Chapter

World Economic Outlook

Author(s):
International Monetary Fund. Middle East and Central Asia Dept.
Published Date:
October 2016
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The global recovery remains subdued in the context of significant downside risks. Underlying factors shaping the outlook include: ongoing realignments such as the rebalancing in China and the decline in commodity prices; slow productivity growth; unfavorable demographic trends; new shocks such as Brexit—the vote in June by the United Kingdom to leave the European Union; and non-economic factors such as political uncertainty, global conflicts, and refugee crises. These factors imply a generally muted baseline for growth forecasts and substantial uncertainty about economic prospects.

Global growth is projected to slow to 3 percent in 2016, a slightly weaker projection than in the April 2016 World Economic Outlook. The revised forecast reflects weaker-than-expected activity in the United States in the first half of 2016, as well as the fallout from the Brexit vote. Although financial market reaction to the result of the U.K. referendum has been contained, the increase in economic, political and institutional uncertainty is expected to have negative macroeconomic consequences, especially in the United Kingdom. More broadly, growth in advanced economies is projected to slow to 1½ percent this year, as these countries still grapple with the fallout from the global financial crisis, low productivity growth, and aging populations. Growth in emerging market and developing economies is expected to marginally strengthen to 4.1 percent in 2016, following five consecutive years of decline. While these countries account for three-quarters of the world’s projected growth this year, their outlooks are uneven and generally weaker than in the past, a result of the slowdown in China, lower commodity revenues, weak demand in advanced economies, as well as conflicts, political discord, and geopolitical tensions in several countries.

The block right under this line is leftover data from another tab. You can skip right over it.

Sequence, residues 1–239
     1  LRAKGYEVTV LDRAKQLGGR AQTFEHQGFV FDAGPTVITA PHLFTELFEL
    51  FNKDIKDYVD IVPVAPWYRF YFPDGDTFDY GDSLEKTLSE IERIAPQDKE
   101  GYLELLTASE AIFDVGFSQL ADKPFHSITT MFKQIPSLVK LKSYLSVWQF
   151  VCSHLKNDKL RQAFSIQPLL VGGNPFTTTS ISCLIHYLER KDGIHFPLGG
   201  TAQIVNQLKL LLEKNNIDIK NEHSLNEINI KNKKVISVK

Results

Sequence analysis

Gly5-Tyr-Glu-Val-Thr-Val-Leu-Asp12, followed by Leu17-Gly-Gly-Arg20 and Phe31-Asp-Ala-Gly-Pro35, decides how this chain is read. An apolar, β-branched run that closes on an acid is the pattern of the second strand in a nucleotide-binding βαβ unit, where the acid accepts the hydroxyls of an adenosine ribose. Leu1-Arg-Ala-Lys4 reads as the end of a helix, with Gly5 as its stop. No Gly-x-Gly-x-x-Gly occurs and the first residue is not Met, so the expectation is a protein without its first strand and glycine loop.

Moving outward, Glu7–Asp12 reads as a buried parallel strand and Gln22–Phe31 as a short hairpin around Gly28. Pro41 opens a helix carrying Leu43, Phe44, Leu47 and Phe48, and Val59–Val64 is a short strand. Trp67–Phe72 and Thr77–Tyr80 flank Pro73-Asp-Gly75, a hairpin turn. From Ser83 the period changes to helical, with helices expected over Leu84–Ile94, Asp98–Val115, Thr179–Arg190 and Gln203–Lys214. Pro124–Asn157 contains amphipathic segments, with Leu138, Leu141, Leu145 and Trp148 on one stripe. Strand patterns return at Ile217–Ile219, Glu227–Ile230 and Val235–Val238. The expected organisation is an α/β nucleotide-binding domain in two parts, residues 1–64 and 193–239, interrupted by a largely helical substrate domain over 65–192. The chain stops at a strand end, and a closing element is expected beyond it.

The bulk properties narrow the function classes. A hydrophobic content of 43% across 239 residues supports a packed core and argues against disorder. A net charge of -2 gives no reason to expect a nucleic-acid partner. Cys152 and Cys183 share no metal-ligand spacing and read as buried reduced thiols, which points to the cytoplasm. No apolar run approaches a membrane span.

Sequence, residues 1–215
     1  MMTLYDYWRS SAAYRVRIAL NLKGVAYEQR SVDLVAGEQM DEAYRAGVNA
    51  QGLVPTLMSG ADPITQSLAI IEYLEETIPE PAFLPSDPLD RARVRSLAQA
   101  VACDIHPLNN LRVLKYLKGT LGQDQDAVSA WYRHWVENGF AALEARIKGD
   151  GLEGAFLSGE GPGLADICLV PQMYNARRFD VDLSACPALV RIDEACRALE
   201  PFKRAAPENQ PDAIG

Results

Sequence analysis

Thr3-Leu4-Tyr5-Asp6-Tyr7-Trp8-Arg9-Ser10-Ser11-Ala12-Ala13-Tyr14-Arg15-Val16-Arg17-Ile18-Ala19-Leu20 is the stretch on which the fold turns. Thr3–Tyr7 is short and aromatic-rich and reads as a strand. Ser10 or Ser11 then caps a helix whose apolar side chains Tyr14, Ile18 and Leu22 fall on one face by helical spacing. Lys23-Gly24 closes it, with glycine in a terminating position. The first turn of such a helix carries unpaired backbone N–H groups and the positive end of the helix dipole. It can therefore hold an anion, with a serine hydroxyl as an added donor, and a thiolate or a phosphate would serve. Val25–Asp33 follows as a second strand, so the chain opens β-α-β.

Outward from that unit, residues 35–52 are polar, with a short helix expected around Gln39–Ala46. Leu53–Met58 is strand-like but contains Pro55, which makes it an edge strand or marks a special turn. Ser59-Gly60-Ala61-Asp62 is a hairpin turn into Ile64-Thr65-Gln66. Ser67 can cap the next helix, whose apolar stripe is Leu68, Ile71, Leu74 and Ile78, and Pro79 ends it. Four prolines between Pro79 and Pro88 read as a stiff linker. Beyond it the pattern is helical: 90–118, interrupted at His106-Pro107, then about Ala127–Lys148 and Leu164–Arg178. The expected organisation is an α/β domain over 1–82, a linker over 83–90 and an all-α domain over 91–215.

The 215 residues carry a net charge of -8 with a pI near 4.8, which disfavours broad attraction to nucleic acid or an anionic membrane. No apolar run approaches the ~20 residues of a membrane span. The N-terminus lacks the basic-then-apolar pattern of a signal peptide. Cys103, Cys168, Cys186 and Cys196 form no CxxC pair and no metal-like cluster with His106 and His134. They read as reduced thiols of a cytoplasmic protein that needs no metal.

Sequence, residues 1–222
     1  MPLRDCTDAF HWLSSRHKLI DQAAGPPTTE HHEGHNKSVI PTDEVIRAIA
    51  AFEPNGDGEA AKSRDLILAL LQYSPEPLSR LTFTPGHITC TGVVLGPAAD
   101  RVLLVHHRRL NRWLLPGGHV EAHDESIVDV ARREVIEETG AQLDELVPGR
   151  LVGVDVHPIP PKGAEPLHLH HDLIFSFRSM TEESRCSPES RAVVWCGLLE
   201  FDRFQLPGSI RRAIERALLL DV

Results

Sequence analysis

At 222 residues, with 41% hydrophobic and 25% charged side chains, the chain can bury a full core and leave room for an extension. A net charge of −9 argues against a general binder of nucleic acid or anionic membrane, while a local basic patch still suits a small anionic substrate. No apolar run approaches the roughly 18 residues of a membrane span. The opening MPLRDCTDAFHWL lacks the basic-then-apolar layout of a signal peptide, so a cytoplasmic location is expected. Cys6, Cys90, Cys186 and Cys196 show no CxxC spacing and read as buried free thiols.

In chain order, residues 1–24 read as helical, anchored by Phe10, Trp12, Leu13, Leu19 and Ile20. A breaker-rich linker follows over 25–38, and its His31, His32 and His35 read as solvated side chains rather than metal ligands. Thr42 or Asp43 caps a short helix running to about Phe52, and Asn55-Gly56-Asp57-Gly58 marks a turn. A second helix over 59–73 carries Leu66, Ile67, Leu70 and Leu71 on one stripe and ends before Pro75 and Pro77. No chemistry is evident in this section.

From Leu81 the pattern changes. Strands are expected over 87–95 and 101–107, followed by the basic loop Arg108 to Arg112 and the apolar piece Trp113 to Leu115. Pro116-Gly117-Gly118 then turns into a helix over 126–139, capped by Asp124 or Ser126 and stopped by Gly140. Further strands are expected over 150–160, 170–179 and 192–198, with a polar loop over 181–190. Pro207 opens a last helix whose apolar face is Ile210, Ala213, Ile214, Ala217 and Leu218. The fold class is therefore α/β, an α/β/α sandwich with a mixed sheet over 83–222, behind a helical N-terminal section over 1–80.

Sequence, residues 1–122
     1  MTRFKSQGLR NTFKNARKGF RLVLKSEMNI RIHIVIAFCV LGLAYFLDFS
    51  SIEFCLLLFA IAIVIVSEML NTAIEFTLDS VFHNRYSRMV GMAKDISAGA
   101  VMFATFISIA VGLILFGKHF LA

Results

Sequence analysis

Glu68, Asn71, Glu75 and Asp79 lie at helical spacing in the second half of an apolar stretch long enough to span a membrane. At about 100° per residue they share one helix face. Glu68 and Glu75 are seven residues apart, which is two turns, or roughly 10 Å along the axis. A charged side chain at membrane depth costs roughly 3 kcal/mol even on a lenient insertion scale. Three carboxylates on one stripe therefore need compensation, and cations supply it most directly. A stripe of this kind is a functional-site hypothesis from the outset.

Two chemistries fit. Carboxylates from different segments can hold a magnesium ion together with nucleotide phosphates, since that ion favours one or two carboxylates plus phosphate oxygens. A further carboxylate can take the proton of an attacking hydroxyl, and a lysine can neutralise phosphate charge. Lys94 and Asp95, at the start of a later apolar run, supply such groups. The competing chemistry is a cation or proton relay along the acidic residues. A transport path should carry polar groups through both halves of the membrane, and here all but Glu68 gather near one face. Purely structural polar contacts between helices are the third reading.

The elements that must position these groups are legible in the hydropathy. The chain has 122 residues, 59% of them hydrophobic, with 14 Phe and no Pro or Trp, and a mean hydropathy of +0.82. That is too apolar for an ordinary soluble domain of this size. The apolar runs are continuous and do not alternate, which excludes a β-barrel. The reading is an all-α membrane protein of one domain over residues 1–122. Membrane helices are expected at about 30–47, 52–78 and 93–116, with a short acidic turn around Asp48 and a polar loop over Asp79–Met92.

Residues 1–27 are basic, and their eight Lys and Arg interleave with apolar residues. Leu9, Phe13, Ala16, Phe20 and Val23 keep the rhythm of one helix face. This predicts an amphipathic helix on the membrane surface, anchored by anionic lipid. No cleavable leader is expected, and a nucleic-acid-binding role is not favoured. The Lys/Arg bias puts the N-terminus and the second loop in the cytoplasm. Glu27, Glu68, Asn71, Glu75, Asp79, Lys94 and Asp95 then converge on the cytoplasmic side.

Overview of the World Economic Outlook Projections(Annual percent change)
Projections
201520162017
World output3.23.13.4
Advanced economies2.11.61.8
Of which: United States2.61.62.2
European Union2.31.91.7
Emerging and developing economies4.04.24.6
Of which: MENAP2.33.43.4
CCA3.21.32.6
Commonwealth of Independent States−2.8−0.31.4
Of which: Russia−3.7−0.81.1
World trade volume (goods and services)2.62.33.8
Commodity prices
Oil1−47.2−15.417.9
Nonfuel2−17.5−2.70.9
Sources: IMF, World Economic Outlook (October 2016) and Regional Economic Outlook: Middle East and Central Asia (October 2016).

Simple average of prices of U.K. Brent, Dubai, and West Texas Intermediate crude oil. The average price of oil in U.S. dollars a barrel was $50.79 in 2015; the assumed price based on future markets is $42.96 in 2016 and $50.64 in 2017.

Average (measured in U.S. dollars) based on world commodity export weights.

Sources: IMF, World Economic Outlook (October 2016) and Regional Economic Outlook: Middle East and Central Asia (October 2016).